Wall weavings by Rachel of Smile & Wave in home of Arrow & Apple blogger
A Beautiful Mess


DIY tapestry wall hanging by Laura Gummerman  •  A Beautiful Mess


All Roads Mineral Collection


Macrame wall hanging in a room by Jenny J Norris Interiors


Wall hangings by fiber artist Julie of  Hazel & Hunter x Urban Outfitters


Wall hanging by Brooklyn-based Aussie weaver Maryanne Moodie


Sally England  •  Ace Hotel, Portland, Oregon


Platform Pop Up Shop in LA by Justina Blakeney of The Jungalow


Lena Corwin x Urban Outfitters

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S H O P the L O O K

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Montage: 28 Rooms With Roller Shades

Yesterday I was having lunch with a friend who also happens to be an interior designer about to embark on gutting her family’s new home. “I hate roller shades,” she said, to which I gleefully replied, “I love our roller shades! They disappear at the top of the window; you can’t see them at all.”

She reasoned we must have had a good installer, rather than the cheapie versions meant for homeowners to pop in themselves. Nope. My husband put them up, and did a damn fine job. It’s pretty easy to get a great look out of a roller shade on your own, assuming you can measure (and re-measure) accurately and are semi-handy with a drill. Neither are strong points of mine, but luckily my husband is good at this sort of thing.

For the nurseries back in our bungalow in D.C., and then for the boy’s bedrooms in Boston I ordered white duck Roman shades from Smith & Noble. They worked out well; I particularly like the wooden piece on the pull cord (what’s that called anyway?).

Then I discovered The Shade Store. I ordered a zillion roller shade samples in every kind of white, from blackout to solar to papery linens, and made my picks. I used bright white blackout roller shades in the bedrooms (we face East… the sunrises over the Atlantic Ocean and is blinding). If you look at the first photo below, carefully, you can make out the shade rolled up neatly at the top of the window. Basically invisible, right? (I realize the shade on the door is hardly ideal, but I couldn’t come up with another solution.)

Ready to measure: Have a look at my post “Workbook: How to Measure Windows for Blinds


Master bedroom in our house on the Cape


White roller shades over wood framed doors  •  Champion Blinds


Laura Garner  •  GKW Working Design


Vermont Integrated Architecture


White roller shades in Portland, Maine bedroom
Whitten Architects  •  Photo by Rob Karosis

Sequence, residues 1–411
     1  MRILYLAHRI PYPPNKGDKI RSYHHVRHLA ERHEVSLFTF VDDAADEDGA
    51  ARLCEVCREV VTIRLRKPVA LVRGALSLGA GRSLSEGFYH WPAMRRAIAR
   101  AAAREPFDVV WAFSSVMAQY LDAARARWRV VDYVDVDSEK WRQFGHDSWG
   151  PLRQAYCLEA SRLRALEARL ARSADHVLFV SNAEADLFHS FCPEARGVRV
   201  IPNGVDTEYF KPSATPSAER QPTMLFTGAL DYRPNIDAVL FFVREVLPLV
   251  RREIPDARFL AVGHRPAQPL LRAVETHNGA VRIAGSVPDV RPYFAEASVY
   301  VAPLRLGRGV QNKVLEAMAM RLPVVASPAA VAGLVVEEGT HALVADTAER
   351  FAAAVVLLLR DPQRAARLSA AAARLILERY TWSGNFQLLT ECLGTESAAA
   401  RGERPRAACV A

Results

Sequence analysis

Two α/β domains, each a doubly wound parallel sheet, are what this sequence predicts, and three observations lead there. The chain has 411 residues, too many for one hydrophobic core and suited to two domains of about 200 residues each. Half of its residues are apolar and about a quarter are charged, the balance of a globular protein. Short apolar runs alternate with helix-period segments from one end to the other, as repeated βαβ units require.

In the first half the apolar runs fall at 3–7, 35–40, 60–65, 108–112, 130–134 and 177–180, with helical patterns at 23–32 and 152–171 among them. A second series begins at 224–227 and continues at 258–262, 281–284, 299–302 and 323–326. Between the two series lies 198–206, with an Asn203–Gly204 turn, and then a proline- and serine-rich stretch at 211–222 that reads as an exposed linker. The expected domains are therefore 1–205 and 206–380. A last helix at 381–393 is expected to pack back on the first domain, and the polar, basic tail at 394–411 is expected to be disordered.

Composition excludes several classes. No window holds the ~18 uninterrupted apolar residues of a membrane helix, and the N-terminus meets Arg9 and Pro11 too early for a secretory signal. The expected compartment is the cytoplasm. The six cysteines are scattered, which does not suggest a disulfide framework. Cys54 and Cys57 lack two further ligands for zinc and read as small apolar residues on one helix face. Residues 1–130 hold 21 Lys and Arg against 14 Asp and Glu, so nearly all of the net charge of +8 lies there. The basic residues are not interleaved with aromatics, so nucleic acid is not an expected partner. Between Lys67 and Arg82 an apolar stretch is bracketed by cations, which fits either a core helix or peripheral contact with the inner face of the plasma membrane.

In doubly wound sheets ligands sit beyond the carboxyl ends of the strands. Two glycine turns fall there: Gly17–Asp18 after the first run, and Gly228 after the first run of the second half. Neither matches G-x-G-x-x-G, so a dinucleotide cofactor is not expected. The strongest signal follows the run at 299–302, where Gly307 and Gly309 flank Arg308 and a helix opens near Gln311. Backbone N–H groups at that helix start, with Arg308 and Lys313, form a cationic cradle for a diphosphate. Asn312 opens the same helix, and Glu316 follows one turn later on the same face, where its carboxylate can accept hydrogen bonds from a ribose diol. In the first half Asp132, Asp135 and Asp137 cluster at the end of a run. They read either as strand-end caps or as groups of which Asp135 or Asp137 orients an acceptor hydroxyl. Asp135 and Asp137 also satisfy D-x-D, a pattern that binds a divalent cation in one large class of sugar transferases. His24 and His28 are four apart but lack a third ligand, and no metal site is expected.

Solar shades on sun porch windows by The Shade Store


Black solar shades in contemporary Charleston, SC living room
All About Windows Inc.


Bismut + Bismut Architects  •  Photo by Francis Amiand


Black roller shade in the kitchen of Rita Hazan’s home
Photo by Brittany Ambridge for Domino


Gradient blind DIY project  •  Bambula


Mountain shade DIY project  •  Bambula


Cortinas roller shades by Hunter Douglas/Luxaflex


White roller shades and a sheepskin rug  •  Design Sponge


Solar shades in contemporary dining room in Chelsea,NYC
Brett Beyer Photography  •  Drew McGukin Interiors


Ikea Urban blind with added red trim  •  Bambula


Nursery with white shades in Amsterdam  •  Apartment Therapy


White roller shade in pastel living room in Rotterdam  •  VT Wonen


 Rattan chairs, oak flooring and white roller shades
Photo by Mia Linnman • Solid Frog


Tree roller blind in blue by Bodie and Fou


Victorian home in London  •  Air Space Locations


Eichler home  •  Apartment Therapy


 Black roller shades at American Blinds




Roller shades built into wood framed windows in Brooklyn brownstone
Jordan Parnass Digital Architecture


Large white roller shade in Grand Rapids, Michigan kitchen
Green Apple Design  •  Solomon Building Group


Roller shades in contemporary kitchen with Wishbone chairs in Toronto.
Croma Design   •  Michael Graydon Photography


Stenciled roller shade  •  Photo by Tjitske Lions  •  VT Wonen


Filed under . REGULAR FEATURES, Montage: Interior Design Trends

Montage: 25 White Rooms With Plants

Decorating with plants is a thing now. I suppose, with the emphasis on nature and bringing the outdoors in, the re-appearance of the houseplant was inevitable. But why did they go away in the first place? It’s not like a plant should be a style statement. But yeah, it was, and is.

Houseplants were very in vogue in the 1970s. Decorating with plants probably started taking hold in the ’60s, with all the hippies, potters, and peace/free love stuff happening. Chunky gold wool and macramé plant hangers and brown glazed ceramic pots were a hallmark of 1970s interior design. Growing up, our house was rife with spider plants. I also remember my mother having plants called Wandering Jews. What’s up with that?

While platforms, cork wedges, flares, and jumpsuits came ’round again much more quickly, decorating with plants, macramé plant holders, and artsy crafty textile wall hangings have just returned to the mainstream as stylish interior accents. Of course, if you’re attuned to these sorts of style matters, you well know that it’s succulents, cacti, and air plants that hold the spotlight.